Lydia Rabinowitsch-Kempner (August 22, 1871 – August 3, 1935) was a Jewish Lithuanian-born German bacteriologist and physician, known for her research on tuberculosis and public health. She was the second woman to become a Professor in Prussia.
Lydia Rabinowitsch was born at Kovno, Russian Empire (now Kaunas, Lithuania). She was educated at the girls' gymnasium of her native city, and privately in Latin and Greek, subsequently studying natural sciences at the universities of Zurich and Bern (MD). After graduation she went to Berlin, where Professor Robert Koch permitted her to pursue her bacteriological studies at the Institute for Infectious Diseases. She became the second woman in Prussia employed as a professor, and the first in Berlin.
In 1895 she went to Philadelphia, where she was appointed lecturer and, subsequently, professor at the Woman's Medical College of Pennsylvania. There she founded a bacteriological institute, though still continuing her studies every summer under Professor Koch in Berlin.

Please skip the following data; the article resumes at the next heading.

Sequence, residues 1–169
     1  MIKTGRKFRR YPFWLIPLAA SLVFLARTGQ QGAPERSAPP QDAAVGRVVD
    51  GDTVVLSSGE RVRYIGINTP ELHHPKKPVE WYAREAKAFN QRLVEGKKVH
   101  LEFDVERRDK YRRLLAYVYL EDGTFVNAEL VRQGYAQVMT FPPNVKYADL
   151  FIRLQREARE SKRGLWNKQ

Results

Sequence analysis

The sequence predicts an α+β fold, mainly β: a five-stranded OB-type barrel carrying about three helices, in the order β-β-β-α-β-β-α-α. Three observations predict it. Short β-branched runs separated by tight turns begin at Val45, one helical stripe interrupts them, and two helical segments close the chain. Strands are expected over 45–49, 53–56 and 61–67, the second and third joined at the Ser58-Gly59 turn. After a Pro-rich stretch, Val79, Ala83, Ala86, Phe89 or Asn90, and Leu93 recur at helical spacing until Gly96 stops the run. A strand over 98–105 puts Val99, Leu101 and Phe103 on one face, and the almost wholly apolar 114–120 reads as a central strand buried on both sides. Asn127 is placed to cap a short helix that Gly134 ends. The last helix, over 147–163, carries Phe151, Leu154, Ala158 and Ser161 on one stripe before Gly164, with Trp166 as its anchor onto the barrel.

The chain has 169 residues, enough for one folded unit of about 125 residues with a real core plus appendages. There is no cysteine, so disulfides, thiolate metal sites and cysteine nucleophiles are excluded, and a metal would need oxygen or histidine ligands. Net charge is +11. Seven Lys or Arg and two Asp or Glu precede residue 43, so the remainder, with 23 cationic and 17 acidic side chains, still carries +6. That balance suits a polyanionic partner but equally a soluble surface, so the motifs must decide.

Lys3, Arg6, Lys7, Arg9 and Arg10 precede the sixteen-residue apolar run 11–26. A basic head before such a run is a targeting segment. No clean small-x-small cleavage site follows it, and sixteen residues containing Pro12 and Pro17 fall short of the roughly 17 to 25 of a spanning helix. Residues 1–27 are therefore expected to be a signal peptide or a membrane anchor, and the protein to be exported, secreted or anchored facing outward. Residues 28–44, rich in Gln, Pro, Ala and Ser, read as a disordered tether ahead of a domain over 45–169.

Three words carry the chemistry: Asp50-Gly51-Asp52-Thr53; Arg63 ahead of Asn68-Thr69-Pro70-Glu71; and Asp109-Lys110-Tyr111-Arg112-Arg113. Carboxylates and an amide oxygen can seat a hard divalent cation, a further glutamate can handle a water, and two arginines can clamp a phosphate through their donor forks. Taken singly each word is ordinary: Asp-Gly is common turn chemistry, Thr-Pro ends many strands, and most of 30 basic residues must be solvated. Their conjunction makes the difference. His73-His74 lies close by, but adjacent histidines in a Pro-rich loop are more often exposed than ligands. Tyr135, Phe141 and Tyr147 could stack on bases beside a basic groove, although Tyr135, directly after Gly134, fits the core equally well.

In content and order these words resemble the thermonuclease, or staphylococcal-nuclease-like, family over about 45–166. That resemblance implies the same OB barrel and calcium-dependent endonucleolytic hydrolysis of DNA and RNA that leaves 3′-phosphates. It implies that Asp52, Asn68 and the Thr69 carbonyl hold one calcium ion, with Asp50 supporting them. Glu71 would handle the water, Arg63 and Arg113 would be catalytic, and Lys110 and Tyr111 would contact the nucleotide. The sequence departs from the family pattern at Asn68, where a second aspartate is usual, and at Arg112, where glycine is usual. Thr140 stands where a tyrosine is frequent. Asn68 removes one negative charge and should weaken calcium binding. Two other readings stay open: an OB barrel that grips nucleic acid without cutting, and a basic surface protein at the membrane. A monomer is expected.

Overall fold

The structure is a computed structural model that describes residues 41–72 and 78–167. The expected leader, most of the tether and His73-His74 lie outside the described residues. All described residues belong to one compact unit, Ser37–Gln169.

In 1896 she delivered before the International Congress of Women at Berlin a lecture on the study of medicine by women in various countries. At the congress of scientists held at Breslau in 1904 she presided over the section for hygiene and bacteriology.
In 1898 she married Dr. Walter Kempner (1869-1920) of Berlin, and returned to Berlin. Their son Walter Kempner (jr.) (1903-1997) was also a medical doctor. He was known for his rice diet. Their other son was the jurist Robert Kempner (1899-1993). A daughter, Nadja Kempner, died from tuberculosis in 1932.
She died in 1935 in Berlin, aged 63, from undisclosed causes.
- Anna Plothow. Der Weltspiegel, October 27, 1904
- Deutsche Hausfrauenzeitung, July 1897, by Isidore Singer & Regina Neisser
- This article incorporates text from a publication now in the public domain: Singer, Isidore; et al., eds. (1901–1906). "article name needed". The Jewish Encyclopedia. New York: Funk & Wagnalls. 
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